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May 2019    Download the Entire Issue (PDF) Available to the Public Vol. 45, No. 5   RSS Feed for Undercurrent Issues
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Fly for Free to Your Dive Destination

how to play the credit card points game

from the May, 2019 issue of Undercurrent   Subscribe Now

Like many Undercurrent readers, I make dive trips once or twice a year, usually to the Caribbean. In the past few years, I've dived in Cuba's Jardines de la Reina, Cozumel, Honduras' Bay Islands, and Belize twice. Great trips -- especially because my partner and I didn't pay airfare for any of them. Actually, we haven't paid airfare on vacation for more than a decade.

We use airline and credit card points -- I can score a round trip to the Caribbean for as little as 30,000 points -- but not by being frequent travelers. We churn Visa, Mastercard and American Express cards for freebies, and "earn" thousands of dollars in free tickets each year. In the past few years, my partner and I have had 119 credit cards, about 17 a year between us. Some of my friends enjoy free trips as well, and we trade info via our own little network.

You, too, can join the fun, scoring flights to just about anywhere. Though flying business class may take many times more points than flying coach, it's still possible via credit card points. Moreover, some airlines allow you to buy a basic fare and upgrade with far fewer points. So while I'm sure many of my fellow Undercurrent subscribers play the mileage points game, I'll explain the basics in case you're not among them.

Two Types of Credit Cards

There are two types of cards. The first are these sponsored by an airline and offer points on that airline or their partners. They are very good if you usually fly from an airline's hub such as San Francisco (United, which partners with Singapore Air, Air New Zealand, THAI and many others) or Atlanta (Delta, which partners with airlines like Garuda, Aero Mexico and Virgin Atlantic).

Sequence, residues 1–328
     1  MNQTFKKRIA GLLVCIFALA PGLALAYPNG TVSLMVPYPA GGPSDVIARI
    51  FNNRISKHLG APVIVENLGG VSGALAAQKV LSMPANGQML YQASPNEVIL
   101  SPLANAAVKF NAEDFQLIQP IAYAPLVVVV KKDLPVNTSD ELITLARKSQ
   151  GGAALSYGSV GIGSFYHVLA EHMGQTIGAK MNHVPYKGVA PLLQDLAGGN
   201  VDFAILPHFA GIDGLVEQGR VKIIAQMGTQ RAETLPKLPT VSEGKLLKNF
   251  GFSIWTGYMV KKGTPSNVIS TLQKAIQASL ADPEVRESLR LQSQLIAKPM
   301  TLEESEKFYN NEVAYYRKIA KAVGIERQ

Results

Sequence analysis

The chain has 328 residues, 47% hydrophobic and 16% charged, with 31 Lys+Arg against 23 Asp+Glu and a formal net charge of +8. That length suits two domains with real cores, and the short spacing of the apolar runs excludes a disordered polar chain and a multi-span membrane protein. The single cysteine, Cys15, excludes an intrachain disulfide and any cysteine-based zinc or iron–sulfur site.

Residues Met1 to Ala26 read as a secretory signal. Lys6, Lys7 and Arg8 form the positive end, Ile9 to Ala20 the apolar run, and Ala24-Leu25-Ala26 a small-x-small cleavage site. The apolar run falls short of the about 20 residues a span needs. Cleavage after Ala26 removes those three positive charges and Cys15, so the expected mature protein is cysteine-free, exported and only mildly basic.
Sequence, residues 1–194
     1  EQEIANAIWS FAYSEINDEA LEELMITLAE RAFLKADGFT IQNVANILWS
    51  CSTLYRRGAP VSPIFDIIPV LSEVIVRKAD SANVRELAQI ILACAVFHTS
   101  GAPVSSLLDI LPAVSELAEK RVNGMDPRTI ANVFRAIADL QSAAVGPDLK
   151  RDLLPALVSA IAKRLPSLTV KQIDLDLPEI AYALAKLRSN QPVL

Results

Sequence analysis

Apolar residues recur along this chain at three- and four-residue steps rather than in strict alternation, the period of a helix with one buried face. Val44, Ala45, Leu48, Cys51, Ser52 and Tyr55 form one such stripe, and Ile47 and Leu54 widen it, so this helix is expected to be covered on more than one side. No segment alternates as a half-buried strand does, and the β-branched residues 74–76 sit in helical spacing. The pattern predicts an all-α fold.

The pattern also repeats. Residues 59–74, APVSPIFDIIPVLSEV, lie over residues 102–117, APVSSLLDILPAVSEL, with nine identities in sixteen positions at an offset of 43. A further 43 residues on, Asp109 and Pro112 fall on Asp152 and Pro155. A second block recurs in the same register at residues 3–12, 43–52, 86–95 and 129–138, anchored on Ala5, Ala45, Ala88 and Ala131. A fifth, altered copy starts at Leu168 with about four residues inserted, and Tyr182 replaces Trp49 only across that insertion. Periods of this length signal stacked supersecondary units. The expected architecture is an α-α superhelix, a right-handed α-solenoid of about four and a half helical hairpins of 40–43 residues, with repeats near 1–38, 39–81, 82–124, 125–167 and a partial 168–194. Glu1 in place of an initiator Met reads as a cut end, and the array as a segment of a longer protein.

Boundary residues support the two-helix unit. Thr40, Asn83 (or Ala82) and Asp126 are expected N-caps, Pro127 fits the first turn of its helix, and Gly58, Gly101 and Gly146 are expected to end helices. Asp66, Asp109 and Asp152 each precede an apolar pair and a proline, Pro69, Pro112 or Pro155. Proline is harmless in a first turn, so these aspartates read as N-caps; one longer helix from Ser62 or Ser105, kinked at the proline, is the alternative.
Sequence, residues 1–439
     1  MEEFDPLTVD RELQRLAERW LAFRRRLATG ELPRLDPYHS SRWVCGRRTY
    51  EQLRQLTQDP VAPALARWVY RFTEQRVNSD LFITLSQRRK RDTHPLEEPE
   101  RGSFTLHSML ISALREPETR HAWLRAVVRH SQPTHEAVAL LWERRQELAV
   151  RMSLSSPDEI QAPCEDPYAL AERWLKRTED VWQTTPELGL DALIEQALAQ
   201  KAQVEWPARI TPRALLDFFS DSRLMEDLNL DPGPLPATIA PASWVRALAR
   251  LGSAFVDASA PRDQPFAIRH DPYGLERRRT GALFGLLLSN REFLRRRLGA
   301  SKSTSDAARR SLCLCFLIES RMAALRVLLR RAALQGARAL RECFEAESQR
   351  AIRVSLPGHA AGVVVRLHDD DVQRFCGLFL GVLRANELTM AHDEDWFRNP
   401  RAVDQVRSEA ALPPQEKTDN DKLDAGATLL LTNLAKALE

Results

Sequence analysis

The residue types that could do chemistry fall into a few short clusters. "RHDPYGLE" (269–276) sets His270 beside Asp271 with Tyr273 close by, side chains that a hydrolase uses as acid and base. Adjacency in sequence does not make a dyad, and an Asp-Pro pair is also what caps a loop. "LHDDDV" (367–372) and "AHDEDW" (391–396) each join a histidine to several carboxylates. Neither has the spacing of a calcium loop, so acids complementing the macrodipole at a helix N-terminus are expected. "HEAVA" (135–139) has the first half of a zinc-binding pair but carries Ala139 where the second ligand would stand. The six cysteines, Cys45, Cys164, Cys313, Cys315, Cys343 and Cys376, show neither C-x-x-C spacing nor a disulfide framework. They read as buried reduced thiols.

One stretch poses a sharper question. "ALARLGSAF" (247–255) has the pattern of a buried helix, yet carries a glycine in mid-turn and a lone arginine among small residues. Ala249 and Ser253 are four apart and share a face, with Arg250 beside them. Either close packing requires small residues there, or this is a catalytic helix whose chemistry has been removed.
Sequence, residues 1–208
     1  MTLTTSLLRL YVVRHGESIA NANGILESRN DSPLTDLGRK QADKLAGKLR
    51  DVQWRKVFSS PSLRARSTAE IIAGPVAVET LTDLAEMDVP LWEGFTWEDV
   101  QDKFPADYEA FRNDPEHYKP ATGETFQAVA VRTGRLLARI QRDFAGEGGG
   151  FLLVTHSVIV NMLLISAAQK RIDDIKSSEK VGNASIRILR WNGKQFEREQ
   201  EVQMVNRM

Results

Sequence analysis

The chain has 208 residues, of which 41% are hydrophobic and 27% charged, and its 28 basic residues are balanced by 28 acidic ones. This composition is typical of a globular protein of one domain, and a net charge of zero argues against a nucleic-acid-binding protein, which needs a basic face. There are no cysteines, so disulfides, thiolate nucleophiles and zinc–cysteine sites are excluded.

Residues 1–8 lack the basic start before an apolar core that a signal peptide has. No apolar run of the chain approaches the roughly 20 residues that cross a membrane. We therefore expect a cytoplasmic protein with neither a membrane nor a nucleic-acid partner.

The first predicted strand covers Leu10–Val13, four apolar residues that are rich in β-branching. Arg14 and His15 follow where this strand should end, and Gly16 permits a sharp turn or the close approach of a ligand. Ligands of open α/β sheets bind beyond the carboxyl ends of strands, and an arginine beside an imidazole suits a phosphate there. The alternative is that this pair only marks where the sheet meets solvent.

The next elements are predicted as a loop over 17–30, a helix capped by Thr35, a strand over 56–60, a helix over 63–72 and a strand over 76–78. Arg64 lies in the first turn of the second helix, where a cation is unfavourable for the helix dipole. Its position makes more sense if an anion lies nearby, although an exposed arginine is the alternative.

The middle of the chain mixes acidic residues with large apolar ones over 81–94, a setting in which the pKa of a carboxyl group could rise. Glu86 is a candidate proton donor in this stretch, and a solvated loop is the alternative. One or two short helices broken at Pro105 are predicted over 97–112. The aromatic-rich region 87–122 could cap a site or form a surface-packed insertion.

The second choice is a bank card that awards miles, which are then converted to dollars to purchase tickets.

Both types of cards offer special deals, such as five miles for every dollar spent on specific airlines, three miles for every dollar spent at grocery stores or gas stations, or 10 miles for every dollar spent shopping online at a given store (United recently offered 30 miles for every dollar spent at an FTD florist, and 15 miles for every dollar spent on New Balance shoes).

With continual spending on one card, you can accumulate points, but the real game comes with constantly applying for a new card that offers big bonus miles after you spend X amount of dollars. For instance, United's Chase Business cards recently offered new cardholders 80,000 miles after they spent $10,000. Delta's AmEx cards are always attracting new users by giving 30,000 to 80,000 miles after they spend $10,000. I just received an Alaska Airlines card awarding 40,000 miles and a free companion ticket after spending just $2,000. Some cards require you to meet the minimum limit in three months, others whenever you get around to it. Of course, it means you have use the card, and hopefully, not by making unnecessary purchases just to accrue points.

The essence of the points game is to choose the best offer of points from the banks (Chase, Citi, Barclay, US Bank, Bank of America and Wells Fargo are the big names), meet the minimum spending requirement, and then move on to the next freebie. For example, one good option is the Chase Sapphire Preferred Card. Spend $4,000 in three months, and you score 50,000 Chase Rewards points. Those are worth $625 for airfare booked through Chase, or you can transfer them to Southwest, United or some other carriers' frequent flyer programs.) Of course, there are some details and a few rules to remember, but the game is played by millions of people -- in fact, so many that airlines continue to require more and more points to get freebies, much to the chagrin of their loyal customers.